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it where his Redeemer once trod. As he walks pensively along between the placid waves of Gennessaret and the impending mountain, he looks abroad on the same landscape, and may have the same enjoyment of its beauties that the human soul of Jesus received, when he beheld the sun rise over the waters, and the mist roll away up the western hills, or saw at evening the tall summit of Hermon still bathed in sunlight, after the shadows had settled down upon the hamlets on the shore. With what pity for the stupidity that would not feel, and the blindness that would not see, did that Saviour here utter the denunciations, “ Wo unto thee, Chorazin; wo unto thee, Bethsaida !” “ And thou, Capernaum, which art exalted unto heaven, shalt be brought down to hell; for if the mighty works which have been done in thee had been done in Sodom, it would have remained unto this day !” And who could survey the scene of these maledictions, and wander among the broken columns and capitals and pedestals of nameless ruins, all silent and lonely, or frequented only by the sons of Ishmael, without a thrill of awe, a solemn conviction of the truth that God hates sin—that from his denunciation there is no escape; that it makes no haste, and yet brooks no delay; but moves on as steadily as the foot of time, till it overwhelms the guilty rebel who incurs its wo!
It would be a pleasing task to accompany our travellers to Saphet and the sources of the Jordan, and thence through the ancient borders of Asher to the coasts of Tyre and Sidon; but our limits forbid. On the 8th of July, 1838, they sailed from Beyrout, and passed by Smyrna and Constantinople, through the Black Sea, and up the Danube to Vienna. Here our author was brought to the borders of the grave by a fever contracted during the voyage.
The two following years were spent by Dr. Robinson at Berlin in the preparation of his various materials for the public eye. There, “ in the unrestricted use of that noble institution, the Royal Library, and of the very valuable private collections of Ritter, Neander and Hengstenberg,” he had every facility for comparing the results of his journey with whatever has survived concerning the Holy Land in previous writers, both ecclesiastical and secular.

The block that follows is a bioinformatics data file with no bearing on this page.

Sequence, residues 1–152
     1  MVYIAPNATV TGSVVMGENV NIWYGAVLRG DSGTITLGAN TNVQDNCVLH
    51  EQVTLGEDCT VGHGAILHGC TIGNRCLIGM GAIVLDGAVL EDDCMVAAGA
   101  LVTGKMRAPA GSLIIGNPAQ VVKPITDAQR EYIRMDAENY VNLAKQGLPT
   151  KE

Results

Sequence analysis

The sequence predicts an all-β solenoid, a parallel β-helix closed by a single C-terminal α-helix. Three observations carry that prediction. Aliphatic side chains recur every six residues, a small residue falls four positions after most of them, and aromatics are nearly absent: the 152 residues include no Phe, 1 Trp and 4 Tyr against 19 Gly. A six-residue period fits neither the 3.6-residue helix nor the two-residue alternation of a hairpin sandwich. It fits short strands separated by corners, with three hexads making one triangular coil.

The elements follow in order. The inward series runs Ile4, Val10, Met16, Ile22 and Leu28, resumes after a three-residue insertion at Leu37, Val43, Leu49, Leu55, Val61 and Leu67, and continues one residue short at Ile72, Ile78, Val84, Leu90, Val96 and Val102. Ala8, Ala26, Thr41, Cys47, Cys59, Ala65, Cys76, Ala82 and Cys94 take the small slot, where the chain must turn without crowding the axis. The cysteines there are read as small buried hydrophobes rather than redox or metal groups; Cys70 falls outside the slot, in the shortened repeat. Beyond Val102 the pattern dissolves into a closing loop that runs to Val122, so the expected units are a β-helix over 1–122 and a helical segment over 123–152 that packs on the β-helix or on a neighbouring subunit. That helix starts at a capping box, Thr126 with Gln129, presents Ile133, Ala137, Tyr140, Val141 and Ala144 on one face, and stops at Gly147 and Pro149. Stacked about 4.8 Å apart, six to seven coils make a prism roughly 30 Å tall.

In taking a general view of the service which these researches have done for the cause of sacred literature, we notice:
First, the geographical results. No single expedition has ever contributed so large an amount of materials for the rectification of Scripture geography ; nor have any previous travellers employed such unwearied pains to verify the results of those who have gone before them. Their instruments were constantly in their hands; every inflection of their path was noted on the spot; the time of arrival and departure from every point of interest, and the rate of travel were carefully preserved ; thousands of bearings of mountains, towns, etc., were taken, and all are carefully wrought into their maps on scientific principles. As evidence of the industry and perseverance exhibited in this journey, we find that there are notices in these volumes, of more than a hundred sites of towns and other objects discovered, or described and their identity for the first time rendered probable by Robinson and Smith.
The mode of observation pursued by Dr. R. is, if we mistake not, quite novel, and has had no small share in the geographical value of his work. We allude to the constant habit of noticing the Wadys, or water courses,—their depth and direction, and the relation of other objects to them. In this way, he has overspread the regions through which he passed with a tissue of vallies and ranges of hills, that by their position determine many questions of great interest. Thus, for example, we are now for the first time assured of the shape of the desert, by the patient collection of facts showing the drainage of its surface through the smaller depressions into the two great Wadys, elArish and el-Jerâfeh, running northward. The careful reader will notice other illustrations of the advantages of this peculiar mode of describing a country by the size and direction of its hollows, particularly in the account of Jerusalem and its vicinity.